Harrington calls for neutral course setup for future Ryder Cups

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Part of the lore of the Ryder Cup is the notion of home course advantage, one that plays out in various other team sports. But Padraig Harrington hopes it’s an aspect that gets eliminated down the line in the biennial matches.

The European skipper was a vice captain at Hazeltine in 2016 when the Americans feasted on a wide-open setup with easy pins, and he was in the team room again in 2018 when the Europeans returned the favor by growing the rough and tightening the targets at Le Golf National. The home team is allowed input on course setup decisions, meaning that Whistling Straits will be under the watchful eye of U.S. captain Steve Stricker for the 2020 matches, but Tuesday, Harrington floated the notion of using a more neutral approach in future years.

Never too early: One year until the Ryder Cup at Whistling Straits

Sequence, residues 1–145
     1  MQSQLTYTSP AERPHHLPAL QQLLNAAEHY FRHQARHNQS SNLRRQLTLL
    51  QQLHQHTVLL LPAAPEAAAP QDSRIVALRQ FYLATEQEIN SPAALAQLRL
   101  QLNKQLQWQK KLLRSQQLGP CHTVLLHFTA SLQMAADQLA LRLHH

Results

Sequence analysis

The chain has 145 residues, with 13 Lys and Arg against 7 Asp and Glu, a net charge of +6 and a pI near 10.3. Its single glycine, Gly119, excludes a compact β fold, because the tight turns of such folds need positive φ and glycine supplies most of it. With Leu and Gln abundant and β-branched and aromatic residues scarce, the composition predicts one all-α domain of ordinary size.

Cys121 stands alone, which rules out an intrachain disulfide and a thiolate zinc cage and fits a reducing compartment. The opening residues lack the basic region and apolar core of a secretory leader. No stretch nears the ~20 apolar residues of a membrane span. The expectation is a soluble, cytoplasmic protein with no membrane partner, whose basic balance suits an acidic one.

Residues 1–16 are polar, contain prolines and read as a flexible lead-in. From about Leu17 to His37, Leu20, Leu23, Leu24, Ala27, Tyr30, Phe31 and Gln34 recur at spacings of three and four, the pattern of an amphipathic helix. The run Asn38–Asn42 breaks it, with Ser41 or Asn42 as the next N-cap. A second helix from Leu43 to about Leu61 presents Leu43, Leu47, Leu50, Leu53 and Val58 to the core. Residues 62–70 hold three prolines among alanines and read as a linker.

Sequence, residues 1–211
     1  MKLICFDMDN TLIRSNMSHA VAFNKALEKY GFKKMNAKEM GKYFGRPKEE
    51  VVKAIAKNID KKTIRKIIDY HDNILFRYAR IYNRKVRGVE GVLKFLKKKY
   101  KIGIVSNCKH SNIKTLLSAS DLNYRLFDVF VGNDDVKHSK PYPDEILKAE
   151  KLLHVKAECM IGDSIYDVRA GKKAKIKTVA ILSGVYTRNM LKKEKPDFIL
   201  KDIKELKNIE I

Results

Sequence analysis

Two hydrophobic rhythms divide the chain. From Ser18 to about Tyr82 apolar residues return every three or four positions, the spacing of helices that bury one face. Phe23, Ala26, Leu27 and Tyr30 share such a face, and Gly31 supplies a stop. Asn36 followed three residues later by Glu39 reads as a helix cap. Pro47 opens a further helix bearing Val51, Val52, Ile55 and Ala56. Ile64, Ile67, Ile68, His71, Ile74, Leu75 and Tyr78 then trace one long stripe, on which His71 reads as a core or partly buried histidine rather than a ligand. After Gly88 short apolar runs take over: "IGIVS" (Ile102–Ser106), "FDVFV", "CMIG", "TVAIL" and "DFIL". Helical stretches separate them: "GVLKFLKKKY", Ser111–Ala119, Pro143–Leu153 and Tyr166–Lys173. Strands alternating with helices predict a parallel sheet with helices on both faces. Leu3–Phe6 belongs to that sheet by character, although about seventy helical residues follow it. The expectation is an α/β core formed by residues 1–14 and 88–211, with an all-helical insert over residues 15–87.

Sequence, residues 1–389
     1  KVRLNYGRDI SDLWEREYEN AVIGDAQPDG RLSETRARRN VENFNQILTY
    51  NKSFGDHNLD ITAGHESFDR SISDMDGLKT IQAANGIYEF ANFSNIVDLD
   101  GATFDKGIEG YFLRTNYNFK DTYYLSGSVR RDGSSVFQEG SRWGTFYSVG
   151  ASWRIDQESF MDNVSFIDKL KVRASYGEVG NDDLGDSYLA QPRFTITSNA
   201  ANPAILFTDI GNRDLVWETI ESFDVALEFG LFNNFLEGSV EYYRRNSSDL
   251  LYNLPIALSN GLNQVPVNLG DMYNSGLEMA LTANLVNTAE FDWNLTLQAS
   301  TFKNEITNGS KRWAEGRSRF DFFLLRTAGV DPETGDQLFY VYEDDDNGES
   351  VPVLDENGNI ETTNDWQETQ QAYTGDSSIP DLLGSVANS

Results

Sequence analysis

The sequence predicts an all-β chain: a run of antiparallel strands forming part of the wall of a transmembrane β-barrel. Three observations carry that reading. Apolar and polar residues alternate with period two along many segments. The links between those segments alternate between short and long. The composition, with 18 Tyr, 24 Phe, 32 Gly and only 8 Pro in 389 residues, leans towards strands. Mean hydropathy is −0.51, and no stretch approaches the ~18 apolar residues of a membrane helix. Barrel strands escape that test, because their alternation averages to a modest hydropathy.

“I think there’s a substantial difference, I would advocate even too much of a difference between home and away,” Harrington said. “Clearly in Europe we get to set the golf course up, and we set it up in every way we can to suit our players. And in the States, we’ve seen that as well where the golf courses are set up to be most advantageous for the home team. I think, it’s probably not going to happen in my lifetime, but 40-50 years down the road when the Ryder Cup is still going along it’d probably be best to have a neutral setup.”

Whistling Straits has played host to three prior PGA Championships, all won by international players, and Harrington believes the links style of the Wisconsin layout could neutralize some of the potential home advantage for the Americans. While Stricker wasn’t ready to tip his hand on setup at the press conference with both captains to commemorate the matches being a year away, he did take a couple subtle jabs at the (successful) tactics employed last year by European captain Thomas Bjorn.

“They know how we like to set up the golf courses, and we know how they like to set up the golf courses,” Stricker said. “It’s not going to be 8 on the Stimpmeter like it was in Paris. It’s not going to be as high of rough as it was in Paris. But there’s no real tricks, but it is a little bit more of a challenge here.”